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Are you ready for flu season 2018? These helpful tips on how to prevent the flu explore how to reduce the risk of infection for you and your family.

There’s no recipe for how to prevent the flu. As friends and co-workers start to fall ill with the flu this season, it’s easy to feel powerless against catching it, especially if you have kids at home. But take heart; there are things you can do to help prevent the flu with safeguards that will help to protect yourself and your family. Here, shares some expert advice to help keep you and your family well during flu season.

Dr_Allison_McGeerDr. Allison McGeer is a Microbiologist, Infectious Disease Consultant, and the Director of Infection Control and the Infectious Diseases Epidemiology Research Program at the Sinai Health System in Toronto, Canada, and a Professor in the Department of Laboratory Medicine and Pathobiology and at the Dalla Lana School of Public Health at the University of Toronto. She has been a member of Canada’s National Advisory Committee on Immunization, and the Ontario Provincial Infectious Diseases Advisory Committee.

Table of Contents:

  1. Vaccination is one of the best prevention methods
  2. How can you better protect yourself from the flu?
  3. How can you prevent getting the flu from your family?
  4. What can you take to prevent the flu?

Vaccination is one of the best prevention methods

Ask Dr. McGeer what the number one thing you can do to prevent the flu is and she’ll proclaim: “Vaccine, vaccine, vaccine.”

“It’s the only thing we have good evidence for,” states Dr. McGeer. Interestingly, Dr. McGeer says that many people with the flu are asymptomatic, meaning they can spread the flu unwittingly. Also complicating things: The incubation period of influenza is usually two days, but can range from one to four days, so adults may be able to spread influenza to others from one day before symptoms start to approximately five days after. Children and people with weakened immune systems may be infectious for longer.

Symptoms, when they do occur, typically include high fever, cough and muscle aches. Other common symptoms can include a headache, chills, loss of appetite, fatigue and sore throat. Nausea, vomiting and diarrhea may also occur, especially in children.

The people at greatest risk of influenza-related complications are adults and children with underlying health conditions, residents of nursing homes and other chronic-care facilities, people 65 years of age and older, children under 60 months of age, pregnant women and Indigenous peoples.


How can you better protect yourself from the flu?

Influenza, or the flu as it is more commonly referred to, is primarily transmitted by droplet spread through hand sanitizercoughing or sneezing. It may also be transmitted through direct or indirect contact with contaminated respiratory secretions.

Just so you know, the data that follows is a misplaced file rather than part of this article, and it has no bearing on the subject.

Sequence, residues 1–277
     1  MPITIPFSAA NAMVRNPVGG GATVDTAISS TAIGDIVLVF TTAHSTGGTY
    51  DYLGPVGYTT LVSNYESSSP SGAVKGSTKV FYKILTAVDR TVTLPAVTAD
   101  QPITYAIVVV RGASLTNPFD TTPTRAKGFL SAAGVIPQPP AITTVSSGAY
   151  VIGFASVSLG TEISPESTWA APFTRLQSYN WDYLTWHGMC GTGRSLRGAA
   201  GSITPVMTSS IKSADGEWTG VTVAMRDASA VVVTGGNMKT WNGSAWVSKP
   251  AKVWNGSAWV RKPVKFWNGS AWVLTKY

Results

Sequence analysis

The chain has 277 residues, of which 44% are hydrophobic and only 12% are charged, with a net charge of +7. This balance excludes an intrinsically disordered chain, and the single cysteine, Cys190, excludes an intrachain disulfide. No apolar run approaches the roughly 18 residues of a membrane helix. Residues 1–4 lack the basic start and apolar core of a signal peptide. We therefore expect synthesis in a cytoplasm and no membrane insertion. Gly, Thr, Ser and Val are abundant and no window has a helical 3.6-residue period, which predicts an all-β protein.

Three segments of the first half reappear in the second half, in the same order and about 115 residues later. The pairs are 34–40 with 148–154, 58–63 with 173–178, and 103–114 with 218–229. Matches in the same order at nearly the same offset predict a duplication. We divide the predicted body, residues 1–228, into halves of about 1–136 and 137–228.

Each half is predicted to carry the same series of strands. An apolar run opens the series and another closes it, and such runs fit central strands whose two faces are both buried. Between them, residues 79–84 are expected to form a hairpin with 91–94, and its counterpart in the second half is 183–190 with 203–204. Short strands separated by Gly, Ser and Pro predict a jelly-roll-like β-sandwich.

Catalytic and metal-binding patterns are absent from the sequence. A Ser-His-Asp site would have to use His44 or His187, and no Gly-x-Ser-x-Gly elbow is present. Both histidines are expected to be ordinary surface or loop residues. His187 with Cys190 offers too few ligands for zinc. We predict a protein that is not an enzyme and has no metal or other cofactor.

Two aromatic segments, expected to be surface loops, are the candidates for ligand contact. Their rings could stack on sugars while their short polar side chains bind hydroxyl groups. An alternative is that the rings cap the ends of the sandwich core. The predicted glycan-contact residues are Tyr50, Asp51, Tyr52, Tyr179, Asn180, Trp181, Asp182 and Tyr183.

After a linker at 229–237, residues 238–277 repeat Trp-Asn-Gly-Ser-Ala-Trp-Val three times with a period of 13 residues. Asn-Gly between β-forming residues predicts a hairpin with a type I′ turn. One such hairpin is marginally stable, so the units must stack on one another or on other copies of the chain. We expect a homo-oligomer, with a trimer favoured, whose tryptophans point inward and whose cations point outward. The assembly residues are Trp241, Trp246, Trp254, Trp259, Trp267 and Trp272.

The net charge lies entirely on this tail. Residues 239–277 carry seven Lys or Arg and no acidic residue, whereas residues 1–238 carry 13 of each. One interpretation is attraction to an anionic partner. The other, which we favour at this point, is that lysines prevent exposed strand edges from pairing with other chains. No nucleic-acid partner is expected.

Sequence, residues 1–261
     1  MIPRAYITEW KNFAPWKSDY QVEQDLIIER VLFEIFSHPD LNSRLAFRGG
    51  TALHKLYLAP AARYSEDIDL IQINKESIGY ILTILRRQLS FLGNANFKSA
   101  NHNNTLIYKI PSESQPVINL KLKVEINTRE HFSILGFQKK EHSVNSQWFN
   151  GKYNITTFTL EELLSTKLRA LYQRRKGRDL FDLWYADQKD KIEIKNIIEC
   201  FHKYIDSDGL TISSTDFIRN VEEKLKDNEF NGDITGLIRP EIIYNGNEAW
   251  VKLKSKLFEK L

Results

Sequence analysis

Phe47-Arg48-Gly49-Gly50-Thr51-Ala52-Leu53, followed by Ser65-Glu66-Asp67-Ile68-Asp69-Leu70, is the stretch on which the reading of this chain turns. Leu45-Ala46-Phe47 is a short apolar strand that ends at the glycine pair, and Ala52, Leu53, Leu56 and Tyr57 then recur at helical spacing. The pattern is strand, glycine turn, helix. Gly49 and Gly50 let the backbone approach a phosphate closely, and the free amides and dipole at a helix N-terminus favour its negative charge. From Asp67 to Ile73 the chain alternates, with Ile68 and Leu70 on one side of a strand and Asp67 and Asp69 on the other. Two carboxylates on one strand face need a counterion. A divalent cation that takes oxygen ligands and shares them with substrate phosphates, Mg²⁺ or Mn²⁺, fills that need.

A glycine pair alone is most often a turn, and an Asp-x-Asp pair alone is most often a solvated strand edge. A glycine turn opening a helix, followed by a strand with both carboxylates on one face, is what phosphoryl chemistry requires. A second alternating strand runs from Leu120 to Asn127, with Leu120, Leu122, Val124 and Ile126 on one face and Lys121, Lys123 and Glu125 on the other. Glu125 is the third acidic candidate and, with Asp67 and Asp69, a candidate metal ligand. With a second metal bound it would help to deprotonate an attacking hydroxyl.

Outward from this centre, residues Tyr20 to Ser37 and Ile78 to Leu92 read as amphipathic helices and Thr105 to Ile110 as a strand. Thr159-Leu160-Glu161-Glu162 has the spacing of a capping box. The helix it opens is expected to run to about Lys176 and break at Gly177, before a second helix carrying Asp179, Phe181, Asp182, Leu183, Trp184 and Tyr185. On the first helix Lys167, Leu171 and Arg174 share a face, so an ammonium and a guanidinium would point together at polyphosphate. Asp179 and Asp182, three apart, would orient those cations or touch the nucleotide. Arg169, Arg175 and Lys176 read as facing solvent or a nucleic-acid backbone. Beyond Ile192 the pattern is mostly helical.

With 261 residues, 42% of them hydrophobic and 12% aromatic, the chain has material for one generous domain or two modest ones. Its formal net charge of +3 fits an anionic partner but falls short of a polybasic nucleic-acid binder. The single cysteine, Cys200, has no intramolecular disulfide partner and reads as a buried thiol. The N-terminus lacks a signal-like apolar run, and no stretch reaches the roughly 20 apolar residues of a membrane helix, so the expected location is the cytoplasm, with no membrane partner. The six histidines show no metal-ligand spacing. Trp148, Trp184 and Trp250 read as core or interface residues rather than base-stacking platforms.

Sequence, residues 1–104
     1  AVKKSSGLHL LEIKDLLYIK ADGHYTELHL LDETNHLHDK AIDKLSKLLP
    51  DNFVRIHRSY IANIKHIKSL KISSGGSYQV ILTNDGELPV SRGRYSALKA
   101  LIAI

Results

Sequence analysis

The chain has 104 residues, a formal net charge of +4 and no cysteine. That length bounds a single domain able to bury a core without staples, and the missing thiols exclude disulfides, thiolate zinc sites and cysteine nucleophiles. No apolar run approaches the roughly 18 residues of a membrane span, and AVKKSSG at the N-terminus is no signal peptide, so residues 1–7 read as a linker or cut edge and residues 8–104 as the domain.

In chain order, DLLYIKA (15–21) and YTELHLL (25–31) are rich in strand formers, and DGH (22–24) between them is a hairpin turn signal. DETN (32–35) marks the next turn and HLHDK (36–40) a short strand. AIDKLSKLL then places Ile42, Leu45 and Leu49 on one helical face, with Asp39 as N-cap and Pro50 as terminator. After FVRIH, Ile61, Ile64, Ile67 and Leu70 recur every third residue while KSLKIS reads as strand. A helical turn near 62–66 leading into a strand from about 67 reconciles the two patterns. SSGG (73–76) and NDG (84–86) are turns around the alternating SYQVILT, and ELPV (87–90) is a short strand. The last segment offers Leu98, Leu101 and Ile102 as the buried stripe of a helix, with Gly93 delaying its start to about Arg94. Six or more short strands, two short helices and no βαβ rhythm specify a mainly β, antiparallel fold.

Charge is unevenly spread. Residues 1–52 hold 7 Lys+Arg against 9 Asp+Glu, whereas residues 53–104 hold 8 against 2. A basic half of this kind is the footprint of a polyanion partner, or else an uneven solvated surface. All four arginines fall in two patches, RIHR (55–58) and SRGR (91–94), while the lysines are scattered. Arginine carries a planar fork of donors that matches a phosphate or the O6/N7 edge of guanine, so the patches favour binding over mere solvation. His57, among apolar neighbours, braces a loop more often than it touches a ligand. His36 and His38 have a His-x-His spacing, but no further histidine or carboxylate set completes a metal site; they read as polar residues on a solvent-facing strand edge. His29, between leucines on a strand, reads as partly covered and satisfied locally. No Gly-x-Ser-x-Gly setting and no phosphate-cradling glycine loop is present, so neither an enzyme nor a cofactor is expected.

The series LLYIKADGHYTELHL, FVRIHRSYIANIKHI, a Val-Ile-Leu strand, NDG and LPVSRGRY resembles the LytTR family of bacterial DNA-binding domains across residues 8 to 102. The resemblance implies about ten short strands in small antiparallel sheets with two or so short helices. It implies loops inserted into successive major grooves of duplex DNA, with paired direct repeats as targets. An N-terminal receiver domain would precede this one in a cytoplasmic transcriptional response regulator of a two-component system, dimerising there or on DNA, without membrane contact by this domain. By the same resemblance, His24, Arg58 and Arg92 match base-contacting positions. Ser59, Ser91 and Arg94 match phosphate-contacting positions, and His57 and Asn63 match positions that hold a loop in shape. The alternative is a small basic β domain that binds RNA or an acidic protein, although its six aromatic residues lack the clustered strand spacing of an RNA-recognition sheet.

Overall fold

Washing your hands often can help keep the virus from spreading. If soap and water are not available, use a hand sanitizer with at least 60% alcohol. If you do get the flu, cover your mouth when you cough or sneeze to help prevent the spread of infection.

“There’s no question that washing your hands regularly helps prevent the spread of infection,” says Dr. McGeer, who adds that hand hygiene helps protect against all respiratory illnesses. “Things like keeping your hands away from your face should help too, as the infection spreads when the hands go to the face and touch mucous membranes.”

You might also like: How to Prepare for Flu Season


How can you prevent getting the flu from your family?

Here’s a good time to practise personal space. Dr. McGeer says that keeping a distance from people can help prevent catching the flu. “The more and closer the contact, the greater the risk of infection,” she says.

However, with the flu being more likely to transmit among household contacts than people you work with, it can be hard to follow through—especially if you share your space with small children.

“For adults, the thing that puts you most at risk of getting influenza is having young children,” says Dr. McGeer. The reasons are many, she explains. One, kids are still building up immunity and are more likely to get the flu. They also shed the virus for longer periods of time, and often lack shall we say, secretion control and good hygiene.

Crowds can be particularly risky for older adults, says Dr. McGeer. “Influenza outbreaks are more common in closely populated areas, and in nursing homes and hospital wards, patients and residents can get really sick,” she states. That’s why it’s so important that everyone at a nursing home gets vaccinated, including staff, visitors and suppliers, and why it’s helpful to not have kids visit during flu season.

The same reasoning applies to homes with newborn babies. Although mothers can get vaccinated when pregnant, which provides babies with some protection, it’s still important for dads and visitors in the household to be vaccinated. “You have a lot of control over where the baby goes, who they see, so you can try to reduce the risk that way and keep them away from crowded circumstances,” says Dr. McGeer.


What can you take to help prevent the flu?

COLD-FXWhile Dr. McGeer says there’s no evidence that diet or vitamins can help prevent the flu, she does say that there is some evidence that COLD-FX may help you feel sick for shorter periods, if taken according to the label instructions and recommended intake on the package.

And while it may be tempting to wash the house down in sanitizer, Dr. McGeer says that there is actually little evidence that hard surfaces and the environment are associated with flu transmission. “Another way to not have the flu in the house is to have everyone vaccinated and to not let sick people in,” she says.

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